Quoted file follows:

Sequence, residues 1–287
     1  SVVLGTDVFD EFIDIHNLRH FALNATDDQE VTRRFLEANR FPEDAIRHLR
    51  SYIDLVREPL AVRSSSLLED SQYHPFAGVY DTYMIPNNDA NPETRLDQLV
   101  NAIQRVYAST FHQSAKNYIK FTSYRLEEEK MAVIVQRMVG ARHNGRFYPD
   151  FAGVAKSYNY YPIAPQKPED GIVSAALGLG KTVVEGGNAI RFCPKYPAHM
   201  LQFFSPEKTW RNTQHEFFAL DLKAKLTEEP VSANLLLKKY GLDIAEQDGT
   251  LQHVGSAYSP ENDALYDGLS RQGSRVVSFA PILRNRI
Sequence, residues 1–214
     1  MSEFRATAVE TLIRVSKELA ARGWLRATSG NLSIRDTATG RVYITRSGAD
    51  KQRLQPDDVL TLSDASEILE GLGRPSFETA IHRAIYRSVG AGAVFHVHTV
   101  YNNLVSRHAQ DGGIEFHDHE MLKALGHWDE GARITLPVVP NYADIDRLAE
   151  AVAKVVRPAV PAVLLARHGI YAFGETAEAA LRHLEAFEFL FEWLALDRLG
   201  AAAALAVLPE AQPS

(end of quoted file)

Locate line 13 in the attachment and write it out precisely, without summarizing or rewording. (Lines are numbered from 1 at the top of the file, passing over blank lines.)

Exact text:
   201  AAAALAVLPE AQPS